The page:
COMIC HERO’S SPACE RACE
Thor: Ragnarok is a chance for star Chris Hemsworth to show his funnier side, writes Philippa Hawker
As Thor, god of thunder, Chris Hemsworth looks very impressive in combat mode. Right know, however, he also looks faintly ludicrous, standing alone on a movie set on the Gold Coast, battling a giant hand on the end of a large stick.
Presiding over it all is director Taika Waititi, cool as a cucumber in a light brown linen suit.
By the time the special-effects team has worked its wonders, this scene will look very different as the marquee moment in Thor: Ragnarok, the latest instalment of the Marvel juggernaut. It will be the confrontation between Thor and the Hulk (Mark Ruffalo) in a gladiatorial arena on a distant planet.
Hemsworth, taking a break from the rigours of gladiatorial combat, says he was more than ready to take Thor in a new direction.
What that means is becoming increasingly evident. Many of the details of what takes place in the third Thor movie are still under wraps, although some bits of information are being released piecemeal. What’s clear, however, is that it’s a mix of new villains, old friends, fresh alliances and unexpected directions.
The word “Ragnarok” refers to a collapse of order — a kind of Twilight of the Gods. Yet what Waititi pitched to the Marvel team, when he came to talk them about directing the new movie, was something with plenty of comic moments. He had very clear ideas of the direction he thought the film could take.
“I knew that Chris was funny, but I don’t think they’d exploited that enough,” he says. “And my idea of a superhero movie probably comes from 80s movie stars like Bruce Willis and [Harrison Ford as] Indiana Jones, even Kurt Russell in his prime. I wanted Thor to become more like them, great at the action, but also funny.
“I wanted to make him the most interesting character in the film. There’s no point in calling a movie Thor if he’s not the coolest thing in it.”
Waititi brings plenty of experience to the task, even if it’s not on the scale of a Marvel film. After the Oscar-nominated short film Two Cars, One Night (2004) he made four features in New Zealand: distinctive, hilarious, off-kilter movies in which lightness and emotional weight are balanced in the most unexpected ways.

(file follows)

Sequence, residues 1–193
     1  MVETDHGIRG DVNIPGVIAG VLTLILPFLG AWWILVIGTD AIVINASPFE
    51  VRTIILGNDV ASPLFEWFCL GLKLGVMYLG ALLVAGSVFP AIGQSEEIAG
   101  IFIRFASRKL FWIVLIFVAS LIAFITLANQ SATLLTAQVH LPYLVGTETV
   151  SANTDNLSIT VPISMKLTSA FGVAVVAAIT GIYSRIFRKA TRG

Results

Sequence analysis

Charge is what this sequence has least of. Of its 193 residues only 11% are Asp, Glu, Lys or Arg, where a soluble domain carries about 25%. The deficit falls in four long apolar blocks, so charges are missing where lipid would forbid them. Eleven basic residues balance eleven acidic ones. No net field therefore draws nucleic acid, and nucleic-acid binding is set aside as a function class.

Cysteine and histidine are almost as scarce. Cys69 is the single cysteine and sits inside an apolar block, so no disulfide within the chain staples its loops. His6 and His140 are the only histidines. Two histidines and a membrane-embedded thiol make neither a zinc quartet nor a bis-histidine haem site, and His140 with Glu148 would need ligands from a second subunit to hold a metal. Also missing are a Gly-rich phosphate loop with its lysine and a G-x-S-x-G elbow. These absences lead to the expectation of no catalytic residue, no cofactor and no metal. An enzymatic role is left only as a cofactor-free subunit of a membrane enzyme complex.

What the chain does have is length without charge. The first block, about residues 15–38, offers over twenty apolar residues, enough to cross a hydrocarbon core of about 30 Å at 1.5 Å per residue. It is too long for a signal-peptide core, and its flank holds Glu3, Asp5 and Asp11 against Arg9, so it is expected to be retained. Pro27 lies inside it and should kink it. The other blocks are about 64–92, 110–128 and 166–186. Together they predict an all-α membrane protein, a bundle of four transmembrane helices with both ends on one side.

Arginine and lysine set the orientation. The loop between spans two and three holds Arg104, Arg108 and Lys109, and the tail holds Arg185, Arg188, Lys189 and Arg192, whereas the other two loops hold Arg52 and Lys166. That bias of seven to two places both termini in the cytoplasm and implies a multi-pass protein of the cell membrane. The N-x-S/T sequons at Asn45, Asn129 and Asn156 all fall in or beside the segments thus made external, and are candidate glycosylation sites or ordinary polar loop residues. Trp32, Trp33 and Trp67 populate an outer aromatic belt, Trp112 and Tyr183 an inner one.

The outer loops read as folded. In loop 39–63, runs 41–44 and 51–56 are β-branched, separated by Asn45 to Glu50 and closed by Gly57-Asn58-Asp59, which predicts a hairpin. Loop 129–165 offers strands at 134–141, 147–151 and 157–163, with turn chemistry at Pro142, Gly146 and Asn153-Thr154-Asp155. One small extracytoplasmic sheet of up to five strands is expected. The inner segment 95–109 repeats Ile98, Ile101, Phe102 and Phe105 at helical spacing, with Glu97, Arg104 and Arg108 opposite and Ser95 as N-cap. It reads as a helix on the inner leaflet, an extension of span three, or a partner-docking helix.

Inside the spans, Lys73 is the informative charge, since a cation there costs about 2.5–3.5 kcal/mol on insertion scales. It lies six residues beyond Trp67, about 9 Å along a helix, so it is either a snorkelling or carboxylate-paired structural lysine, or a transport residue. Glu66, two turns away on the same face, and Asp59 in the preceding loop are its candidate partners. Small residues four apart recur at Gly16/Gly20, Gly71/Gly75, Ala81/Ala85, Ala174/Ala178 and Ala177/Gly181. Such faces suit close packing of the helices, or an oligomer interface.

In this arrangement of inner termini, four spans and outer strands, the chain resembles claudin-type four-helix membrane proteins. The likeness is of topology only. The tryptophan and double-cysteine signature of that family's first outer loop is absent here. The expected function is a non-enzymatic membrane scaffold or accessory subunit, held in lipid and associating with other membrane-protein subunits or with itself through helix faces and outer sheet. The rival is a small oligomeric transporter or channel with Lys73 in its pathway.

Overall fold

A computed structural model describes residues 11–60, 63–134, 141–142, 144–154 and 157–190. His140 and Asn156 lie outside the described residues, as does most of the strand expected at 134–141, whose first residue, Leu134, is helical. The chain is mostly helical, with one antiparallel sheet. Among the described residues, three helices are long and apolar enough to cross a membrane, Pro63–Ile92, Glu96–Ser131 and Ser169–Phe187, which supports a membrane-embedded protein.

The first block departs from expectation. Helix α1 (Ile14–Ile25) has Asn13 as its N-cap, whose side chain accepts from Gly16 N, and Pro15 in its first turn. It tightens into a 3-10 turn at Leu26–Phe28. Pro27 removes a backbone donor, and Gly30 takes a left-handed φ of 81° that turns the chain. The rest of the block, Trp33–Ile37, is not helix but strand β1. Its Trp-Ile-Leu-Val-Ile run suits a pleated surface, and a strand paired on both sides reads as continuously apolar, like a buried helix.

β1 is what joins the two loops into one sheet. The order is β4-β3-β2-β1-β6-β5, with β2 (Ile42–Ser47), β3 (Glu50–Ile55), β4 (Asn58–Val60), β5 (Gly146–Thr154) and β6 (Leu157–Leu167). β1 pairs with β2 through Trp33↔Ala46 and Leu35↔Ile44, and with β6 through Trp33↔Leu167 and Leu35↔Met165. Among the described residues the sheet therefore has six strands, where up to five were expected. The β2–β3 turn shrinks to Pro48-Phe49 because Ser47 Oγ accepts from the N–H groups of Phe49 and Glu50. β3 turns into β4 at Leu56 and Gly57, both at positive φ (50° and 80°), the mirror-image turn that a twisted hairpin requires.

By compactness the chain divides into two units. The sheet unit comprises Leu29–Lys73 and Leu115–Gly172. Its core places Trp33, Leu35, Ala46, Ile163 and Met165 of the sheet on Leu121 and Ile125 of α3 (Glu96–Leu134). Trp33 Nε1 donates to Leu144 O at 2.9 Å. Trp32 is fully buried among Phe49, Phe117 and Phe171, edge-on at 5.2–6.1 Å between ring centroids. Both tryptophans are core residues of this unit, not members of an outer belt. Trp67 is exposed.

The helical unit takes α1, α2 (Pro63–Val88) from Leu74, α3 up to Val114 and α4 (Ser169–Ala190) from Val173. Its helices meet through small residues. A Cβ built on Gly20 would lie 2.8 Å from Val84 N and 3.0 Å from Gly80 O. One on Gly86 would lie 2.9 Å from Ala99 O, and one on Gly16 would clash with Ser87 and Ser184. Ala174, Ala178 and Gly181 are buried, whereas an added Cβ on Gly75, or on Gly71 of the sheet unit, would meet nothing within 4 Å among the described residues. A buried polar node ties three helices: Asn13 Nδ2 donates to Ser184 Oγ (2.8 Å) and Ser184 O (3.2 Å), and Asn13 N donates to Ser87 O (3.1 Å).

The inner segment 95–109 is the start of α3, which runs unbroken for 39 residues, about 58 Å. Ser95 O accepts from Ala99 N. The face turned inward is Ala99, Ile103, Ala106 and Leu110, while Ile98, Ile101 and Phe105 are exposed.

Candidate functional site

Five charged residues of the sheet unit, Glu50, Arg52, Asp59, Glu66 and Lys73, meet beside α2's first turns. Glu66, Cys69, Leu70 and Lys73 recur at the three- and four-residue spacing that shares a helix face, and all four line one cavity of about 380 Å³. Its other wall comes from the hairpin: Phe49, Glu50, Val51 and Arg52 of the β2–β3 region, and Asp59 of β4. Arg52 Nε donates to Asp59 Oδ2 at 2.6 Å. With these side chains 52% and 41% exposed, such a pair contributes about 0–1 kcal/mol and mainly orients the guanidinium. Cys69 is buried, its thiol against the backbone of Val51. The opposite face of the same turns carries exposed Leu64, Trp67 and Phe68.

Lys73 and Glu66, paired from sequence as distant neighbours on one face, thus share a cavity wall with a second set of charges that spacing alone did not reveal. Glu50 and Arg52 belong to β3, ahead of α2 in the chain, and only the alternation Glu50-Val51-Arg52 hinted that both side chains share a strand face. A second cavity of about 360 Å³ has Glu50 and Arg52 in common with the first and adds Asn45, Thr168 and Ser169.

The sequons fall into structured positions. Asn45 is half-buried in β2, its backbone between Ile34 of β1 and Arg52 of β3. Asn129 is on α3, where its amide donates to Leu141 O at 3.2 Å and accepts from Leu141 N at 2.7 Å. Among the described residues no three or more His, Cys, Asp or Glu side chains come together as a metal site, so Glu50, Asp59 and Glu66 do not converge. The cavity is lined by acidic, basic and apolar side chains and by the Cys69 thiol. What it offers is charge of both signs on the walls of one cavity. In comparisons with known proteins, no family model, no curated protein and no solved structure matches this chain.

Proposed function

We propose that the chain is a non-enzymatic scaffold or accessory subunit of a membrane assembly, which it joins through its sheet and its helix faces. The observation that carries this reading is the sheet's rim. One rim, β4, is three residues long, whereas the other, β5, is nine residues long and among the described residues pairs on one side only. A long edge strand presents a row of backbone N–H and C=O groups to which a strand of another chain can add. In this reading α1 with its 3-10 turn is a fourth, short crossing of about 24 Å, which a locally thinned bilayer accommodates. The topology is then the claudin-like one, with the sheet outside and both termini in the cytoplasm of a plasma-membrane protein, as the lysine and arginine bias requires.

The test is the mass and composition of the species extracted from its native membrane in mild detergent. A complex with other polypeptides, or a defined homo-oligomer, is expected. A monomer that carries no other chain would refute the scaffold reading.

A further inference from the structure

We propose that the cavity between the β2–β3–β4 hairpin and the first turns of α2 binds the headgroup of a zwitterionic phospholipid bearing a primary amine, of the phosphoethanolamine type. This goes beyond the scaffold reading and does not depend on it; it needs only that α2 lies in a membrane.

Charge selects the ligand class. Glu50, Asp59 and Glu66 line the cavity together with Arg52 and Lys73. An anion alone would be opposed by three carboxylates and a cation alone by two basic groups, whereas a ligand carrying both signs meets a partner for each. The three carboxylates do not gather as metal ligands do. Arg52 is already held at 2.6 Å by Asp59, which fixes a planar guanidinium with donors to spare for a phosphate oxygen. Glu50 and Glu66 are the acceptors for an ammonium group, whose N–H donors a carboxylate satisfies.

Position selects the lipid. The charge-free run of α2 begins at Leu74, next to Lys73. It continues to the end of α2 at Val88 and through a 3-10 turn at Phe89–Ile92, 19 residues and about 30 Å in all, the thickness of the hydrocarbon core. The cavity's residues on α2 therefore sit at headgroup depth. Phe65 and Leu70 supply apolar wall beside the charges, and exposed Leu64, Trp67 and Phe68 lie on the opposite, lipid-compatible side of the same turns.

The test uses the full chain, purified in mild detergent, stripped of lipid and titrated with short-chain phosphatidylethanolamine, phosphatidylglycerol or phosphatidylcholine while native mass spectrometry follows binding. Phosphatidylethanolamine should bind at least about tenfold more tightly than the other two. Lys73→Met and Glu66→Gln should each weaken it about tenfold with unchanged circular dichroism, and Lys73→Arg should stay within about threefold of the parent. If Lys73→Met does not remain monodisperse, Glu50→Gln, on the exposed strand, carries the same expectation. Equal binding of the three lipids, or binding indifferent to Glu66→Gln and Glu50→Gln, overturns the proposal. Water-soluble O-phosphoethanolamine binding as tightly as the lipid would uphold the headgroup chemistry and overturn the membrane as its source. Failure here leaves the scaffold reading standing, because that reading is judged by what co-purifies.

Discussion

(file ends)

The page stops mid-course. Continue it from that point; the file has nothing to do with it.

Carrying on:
A small film and a blockbuster have things in common, he says. The difference is “expansion of scale and the time it takes to shoot stuff. It’s slower than I’m used to because there are six or seven times as many people involved. The machine is a lot bigger, and moving that machine around takes a lot longer.”
When he pitched to Marvel, he talked about the types of stunts and action, and the kind of story he’d like to develop for Thor: Ragnarok. He was keen, he says, on “a story that’s understandable, which seems to be the last thing that a lot of Hollywood films focus on, when they make big movies”.
“At first I was a little unsure of how the studio system would work with my particular style ... but when I saw what they’d done with James Gunn (in the Guardians of the Galaxy films) and Scott Derrickson (in Doctor Strange), I knew Thor: Ragnarok they would at least listen to what I had to say. I was very vocal right from the beginning, and they kept agreeing.” He wanted the new movie to have a stand-alone quality. “I think you can see this film without having seen any of the other ones. Not to take away anything from those films, but I didn’t want to make an episode of something, or the third film,” Waititi says.
As a character, Thor has been part of the Marvel world many times over. Kenneth Branagh directed the first Thor movie in 2011, Alan Taylor the second, Thor: The Dark World, two years later. He’s also a member of the Avengers, the superhero superteam, and has turned up in a number of other Marvel movies.
Although Waititi wants Thor: Ragnarok to be self-contained, he is aware of what his central character has been through and wants to take his experiences into account. The last time we saw Thor in the Marvel universe was two years ago, he says, and he’s been hanging out on earth with Tony Stark, aka Iron Man. As a result, he’s become more worldly, more expressive.
“He’s like a polite rich kid from outer space,” Waititi says. “But he’s more weathered, he’s travelled, he’s got more life experience.”
Last year at San Diego Comic-Con, Waititi released a comic short, a sketch that brought audiences up to speed with the new Thor and showed us what he had been up to since his appearance in Avengers: Age of Ultron — a Thor in need of “me time”.
Executive producer Brad Winderbaum has been on hand throughout the making of Thor:
Chris Hemsworth takes his character in a new direction in